I recently started working out. And instead of running on the treadmills, I prefer outdoors in open air and better scenery. Admittedly, I am not a regular but think I am getting there, or so I like to tell myself and everyone who listens to me.
Like everyone else, I did some research and downloaded a handful of apps because I like data-based progress tracking. After trying Nike Run Club for a while, I decided to try RunKeeper and Strava and found the latter to be a better option. So, I found some apps that can transfer runs from RunKeeper to Strava.
If you have been using RunKeeper for a while, you will have quite a few achievements to show off. So when you try Strava, you don’t want to leave all that hard work behind. After all, you sweat for it. One of the below apps will help you transfer data easily and within a few minutes.
If you are going the app way, you will need RunKeeper and Strava’s password. Most people use their social media accounts like Google or Facebook to sign up but the data transfer apps need a password to connect with the servers, and your Google account password won’t work. Open RunKeeper on your mobile or desktop, click on Login and select Forgot Password to receive an email. Reset your password using the link in that mail.
Repeat the same process for Strava too. Note these passwords somewhere handy and move on to the next point.
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1. Export Directly
Strava and RunKeeper have import and export options that you can use to create a zip file. Note that you can only import up to 25 runs in Strava at a time in this method. If you have significantly more runs, go for an app below.
To begin direct export, open RunKeeper in your browser and select Account Settings under the Settings icon.
Select Export Data from the left menu and you will find two options. You must choose the first (Export activity date) and enter a date range to download the required file.
When you have chosen a date range and clicked on Export Data, a new Download button will appear. You know what to do now.
Note: You cannot add run entries that were created manually inside RunKeeper into Strava for some reason. There is also no support for CSV in Strava yet. There is the 25 entries per upload limit as mentioned earlier.
Sign in to your Strava account and select Upload activity under the ‘+’ menu icon.
Select File option from the left menu here. Now unzip the folder you previously downloaded from RunKeeper and upload the .GPX files here.
Because each running app works differently, you will see an option to edit the runs before Strava adds them to your account. Among the parameters are the name, description, run type, shoe name, and privacy controls.
Check your data on the Strava app now. In my case, all the runs were imported accurately and no errors were found.
2. Sync My Tracks
While the direct method works, the limit of 25 runs per upload is very annoying. Sync My Tracks is an Android app which comes in two flavors. The free version will let you transfer 40 runs from RunKeeper to Strava while the paid version removes this limit and allows transferring other metrics plus keeps all data in sync across many apps.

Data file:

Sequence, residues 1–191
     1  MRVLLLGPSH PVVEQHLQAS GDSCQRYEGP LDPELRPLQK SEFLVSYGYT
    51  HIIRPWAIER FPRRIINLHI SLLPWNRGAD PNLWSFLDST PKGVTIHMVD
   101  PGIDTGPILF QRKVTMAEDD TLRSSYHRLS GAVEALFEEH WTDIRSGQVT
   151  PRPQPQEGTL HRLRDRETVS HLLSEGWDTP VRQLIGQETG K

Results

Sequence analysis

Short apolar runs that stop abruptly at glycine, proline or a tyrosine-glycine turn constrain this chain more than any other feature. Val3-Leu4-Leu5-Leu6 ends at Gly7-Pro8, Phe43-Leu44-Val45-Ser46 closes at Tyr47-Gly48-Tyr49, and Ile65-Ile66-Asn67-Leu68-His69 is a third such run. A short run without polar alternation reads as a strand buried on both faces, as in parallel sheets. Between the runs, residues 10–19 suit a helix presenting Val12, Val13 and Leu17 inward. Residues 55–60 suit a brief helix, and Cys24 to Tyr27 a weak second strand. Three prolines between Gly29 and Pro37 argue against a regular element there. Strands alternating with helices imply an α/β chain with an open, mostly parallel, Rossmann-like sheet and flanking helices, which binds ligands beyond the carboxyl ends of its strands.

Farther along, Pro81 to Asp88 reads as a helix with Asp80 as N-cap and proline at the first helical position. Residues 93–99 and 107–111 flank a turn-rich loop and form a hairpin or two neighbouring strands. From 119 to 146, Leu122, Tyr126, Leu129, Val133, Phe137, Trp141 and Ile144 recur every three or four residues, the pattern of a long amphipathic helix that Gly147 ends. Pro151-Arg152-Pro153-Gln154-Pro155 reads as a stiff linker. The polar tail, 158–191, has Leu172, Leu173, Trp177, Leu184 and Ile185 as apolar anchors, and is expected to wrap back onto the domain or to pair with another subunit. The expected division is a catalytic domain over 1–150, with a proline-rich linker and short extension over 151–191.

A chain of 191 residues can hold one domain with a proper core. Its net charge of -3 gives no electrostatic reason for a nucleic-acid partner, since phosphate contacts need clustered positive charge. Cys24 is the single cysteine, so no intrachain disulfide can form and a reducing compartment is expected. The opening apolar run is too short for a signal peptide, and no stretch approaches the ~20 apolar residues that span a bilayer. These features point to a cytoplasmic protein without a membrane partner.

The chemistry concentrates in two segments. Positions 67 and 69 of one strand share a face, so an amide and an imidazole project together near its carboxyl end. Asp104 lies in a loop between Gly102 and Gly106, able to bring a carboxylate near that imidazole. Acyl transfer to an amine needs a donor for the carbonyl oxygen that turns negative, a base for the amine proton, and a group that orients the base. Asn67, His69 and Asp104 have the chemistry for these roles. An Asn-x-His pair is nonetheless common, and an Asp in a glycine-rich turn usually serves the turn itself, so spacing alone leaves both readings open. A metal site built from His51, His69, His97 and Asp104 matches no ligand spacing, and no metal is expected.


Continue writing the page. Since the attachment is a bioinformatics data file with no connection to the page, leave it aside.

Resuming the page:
To begin, open the app and select RunKeeper from the dropdown menu. Enter your login details and repeat the same process for Strava.
The data transferred from RunKeeper to Strava was accurate with no errors.
I compared a couple of runs and found them to be accurate. The pro version will cost you $3.49 and remove ads, transfer limit, and let you choose activities based on dates.
Tapiriik is another Android app for transferring runs. Open Tapiriik Sync and tap on RunKeeper first to sign in. Unlike some other apps, you don’t need a password but can use your social media account to sign in.
Repeat the same process for Strava now and sign in to your account. If social login is not working, as some users have shared, you can always use ID and password.
Now tap on the Sync button to begin the process. You should see the icon moving in circles now. Like Sync My Tracks, Tapiriik Sync allows you to sync your runs with many running apps. Again, the integrity of the data transferred was maintained.
The app is free to use and with no ads and they also have a web app that you can use on your browser.
The last app on the list is for iOS users. RunGap works with as many as 25 running apps and works just as flawlessly if not more. You know the process by now. Open the app and select Accounts and Settings from the menu.
Select RunKeeper from the list and sign in using your ID and password. Now do the same for Strava.
The import and sync will begin immediately, and the app was so fast, it was done before I could take a screenshot. Either that, or I was not paying attention. You can find all your activities in RunGap under the Activities tab.
RunGap is free to use with no ads and works amazingly well. You can also view your runs right inside RunGap, but that is not all. RunGap allows you to edit data if there are inaccuracies, and export using email and Dropbox for free.
Running is an incredible exercise. If you are using Strava to log your running and cycling sessions, and want to leave RunKeeper, one of the above methods will surely get the job done. These apps are also good for keeping run logs in sync, if that's what you want.
Next up: Are you an Android user who is health conscious? Learn which is a better option between Google Fit and Samsung Health for storing health-related data.
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